Highland and Strathtay Health and Wellbeing

Overall, Highland and Strathtay has some of the best health outcomes in Perth & Kinross, and Scotland. However, breaking down the locality into smaller areas or looking at specific groups of people within the locality highlights inequalities in health outcomes.

The emergency admissions rate is lower in Highland & Strathtay than in any other locality in Perth & Kinross. This is partly because the area has better health outcomes. This is also likely to be linked to the distance of hospitals from some of the more remote communities; under these circumstances. People tend to uses community based health facilities (such as their local GP) before visiting a hospital.

Indicators suggest that alcohol and substance abuse are not a widespread problem in the locality. Deaths from alcohol conditions are rarer than in Perth City, however substantially higher than the other 3 rural localities at 19 deaths per 100,000 population in 2014.

 

Health Indicator (per 100,000 population)Year(s)Perth and KinrossScotlandHighland and
Strathtay
Early deaths from CHD (Coronary Heart Disease)(<75 years of age)
2011-1346.760.732.5
Early Deaths from Cancer 2012-14123.2154.7127.3
Alcohol relates Hospital stays2012/15401.5671.7248.8
Deaths from Alcohol Conditions 2010-201419.623.119.0
Drug related hospital stays 2012/13-2014/1580.612235.3
Patients registered with cancer2011-13574.9634556.8
Patients hospitalised with COPD2011-13466660316
Emergency Admissions 2011-13680075006090.3
Population prescribed drugs for anxiety/depression/psychosis (Percentage)
201415.1%17.4%14.1

There are lower rates of diseases such as cancer, COPD, Coronary heart disease, asthma. Prescription of drugs for anxiety, depression and psychosis is lower than the rest of Perth & Kinross however has increased in recent years from 10.8% of the population to 14.1%.

Health and Social Care Integration engagement has identified two key areas for development. Carers for people and support for those at transition stages in their lives, such as coping with bereavement. Overcoming barriers to participation for those with enduring or recovering from mental health issues has also been identified as a gap. Successful arts activities during the Health and Wellbeing Festival were well received, indicating a potential development. A key issue remains the impact of rural and social isolation within the smaller communities in Highland and Strathtay which has directly affects the mental health and wellbeing of some community members.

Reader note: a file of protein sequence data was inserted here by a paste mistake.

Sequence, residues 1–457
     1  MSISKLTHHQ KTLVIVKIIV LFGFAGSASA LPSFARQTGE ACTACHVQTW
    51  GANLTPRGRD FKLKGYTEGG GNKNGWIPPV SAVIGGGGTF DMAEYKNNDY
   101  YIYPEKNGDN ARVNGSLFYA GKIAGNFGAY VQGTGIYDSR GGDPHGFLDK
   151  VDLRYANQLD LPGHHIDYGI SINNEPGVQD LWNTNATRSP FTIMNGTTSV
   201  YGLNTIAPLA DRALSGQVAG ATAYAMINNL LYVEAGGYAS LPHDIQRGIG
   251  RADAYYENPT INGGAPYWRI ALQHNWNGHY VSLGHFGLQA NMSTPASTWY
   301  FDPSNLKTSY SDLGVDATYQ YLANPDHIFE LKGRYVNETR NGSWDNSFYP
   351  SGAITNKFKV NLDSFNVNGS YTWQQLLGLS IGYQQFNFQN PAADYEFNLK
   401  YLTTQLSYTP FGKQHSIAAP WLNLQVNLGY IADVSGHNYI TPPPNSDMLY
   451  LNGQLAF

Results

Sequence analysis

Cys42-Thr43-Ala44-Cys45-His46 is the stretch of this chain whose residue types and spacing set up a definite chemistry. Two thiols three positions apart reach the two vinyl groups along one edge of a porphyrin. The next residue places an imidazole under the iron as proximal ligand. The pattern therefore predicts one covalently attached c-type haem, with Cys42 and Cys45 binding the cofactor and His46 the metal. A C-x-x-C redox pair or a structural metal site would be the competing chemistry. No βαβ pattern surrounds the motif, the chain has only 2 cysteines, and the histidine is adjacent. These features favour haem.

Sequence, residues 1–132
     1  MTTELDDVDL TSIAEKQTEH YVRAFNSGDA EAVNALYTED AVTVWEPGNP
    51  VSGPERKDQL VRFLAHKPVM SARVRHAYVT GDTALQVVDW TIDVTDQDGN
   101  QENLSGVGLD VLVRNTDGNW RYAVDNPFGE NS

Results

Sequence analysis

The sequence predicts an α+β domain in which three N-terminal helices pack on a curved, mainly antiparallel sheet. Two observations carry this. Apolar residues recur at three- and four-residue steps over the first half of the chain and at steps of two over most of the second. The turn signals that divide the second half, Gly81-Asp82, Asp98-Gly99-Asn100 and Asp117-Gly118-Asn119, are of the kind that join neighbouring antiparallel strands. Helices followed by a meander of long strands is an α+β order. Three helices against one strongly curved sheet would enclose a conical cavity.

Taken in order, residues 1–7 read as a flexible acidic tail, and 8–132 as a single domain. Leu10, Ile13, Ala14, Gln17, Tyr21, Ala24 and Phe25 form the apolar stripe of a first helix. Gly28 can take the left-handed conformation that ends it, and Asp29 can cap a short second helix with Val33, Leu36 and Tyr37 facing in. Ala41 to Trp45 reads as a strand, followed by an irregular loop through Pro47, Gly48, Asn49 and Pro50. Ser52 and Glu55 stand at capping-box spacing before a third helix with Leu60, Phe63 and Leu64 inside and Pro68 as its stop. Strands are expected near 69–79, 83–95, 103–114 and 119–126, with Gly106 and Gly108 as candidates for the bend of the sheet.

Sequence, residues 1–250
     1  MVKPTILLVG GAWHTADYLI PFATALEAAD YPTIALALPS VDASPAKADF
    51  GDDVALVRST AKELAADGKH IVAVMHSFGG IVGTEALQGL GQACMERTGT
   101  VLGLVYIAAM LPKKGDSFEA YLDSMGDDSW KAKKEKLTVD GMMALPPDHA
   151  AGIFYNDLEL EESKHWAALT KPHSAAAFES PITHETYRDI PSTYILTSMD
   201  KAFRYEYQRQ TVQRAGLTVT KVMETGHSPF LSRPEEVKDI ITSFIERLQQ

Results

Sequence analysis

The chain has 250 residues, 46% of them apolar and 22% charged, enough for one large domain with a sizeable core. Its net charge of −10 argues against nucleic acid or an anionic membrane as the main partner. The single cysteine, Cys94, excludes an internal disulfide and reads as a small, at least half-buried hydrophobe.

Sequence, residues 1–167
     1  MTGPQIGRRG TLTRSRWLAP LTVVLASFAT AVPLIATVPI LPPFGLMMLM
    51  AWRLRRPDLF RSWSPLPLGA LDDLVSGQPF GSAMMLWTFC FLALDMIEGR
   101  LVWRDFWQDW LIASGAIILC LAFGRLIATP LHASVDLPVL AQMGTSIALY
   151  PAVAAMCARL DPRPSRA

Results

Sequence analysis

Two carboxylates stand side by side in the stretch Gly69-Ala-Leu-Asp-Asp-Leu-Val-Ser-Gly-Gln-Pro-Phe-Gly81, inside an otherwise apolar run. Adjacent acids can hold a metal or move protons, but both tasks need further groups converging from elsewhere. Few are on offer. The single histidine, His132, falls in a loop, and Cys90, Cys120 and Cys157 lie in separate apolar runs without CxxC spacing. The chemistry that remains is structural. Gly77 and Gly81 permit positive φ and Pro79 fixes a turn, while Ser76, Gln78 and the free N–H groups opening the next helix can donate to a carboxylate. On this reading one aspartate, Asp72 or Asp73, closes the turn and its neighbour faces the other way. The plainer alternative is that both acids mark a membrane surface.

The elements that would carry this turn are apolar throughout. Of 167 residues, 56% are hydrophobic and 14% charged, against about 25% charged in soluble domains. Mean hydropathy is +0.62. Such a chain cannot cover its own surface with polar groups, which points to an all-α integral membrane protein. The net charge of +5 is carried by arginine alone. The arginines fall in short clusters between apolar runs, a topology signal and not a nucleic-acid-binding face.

Provision for older people to engage in learning or developing skills or new interests, digitally linking into technology, signposting participants or learners to other relevant activities or services, and supporting intergenerational opportunities is a successful area of partnership delivery. Projects such as Blethers in Ballinluig and the community writing projects leading to publication, Life as we Know it and BreadAtholl, Brose have involved a wide number of community groupings in creatively celebrating their locality.

A Thriving Third Age

Currently 11,000 people aged 65 and over live alone in P&K, and this is expected to increase in coming years. There are significant health inequalities between individuals in this age range, with those in affluent areas living significantly longer. Work being undertaken by communities to support older people also tends to be concentrated in these affluent areas. Social isolation was also found to be a significant issue.

A growing number of older people are also becoming unpaid carers for spouses and other loved ones, and commissioners found these people need more support and recognition. Commissioners heard of the stigma associated with care homes, which in some cases prevent people making this choice.

In contrast to these challenges, many people are living longer than ever and requiring little to no support until much later in life. These people are a great asset to the communities of P&K, and want to feel valued and be able to continue to contribute to their communities.

Useful Links

Scottish Public Health Observatory

Scottish Health Survey

NHS Scotland- Information Services Division

Health and Social Care Partnership- Join the Conversation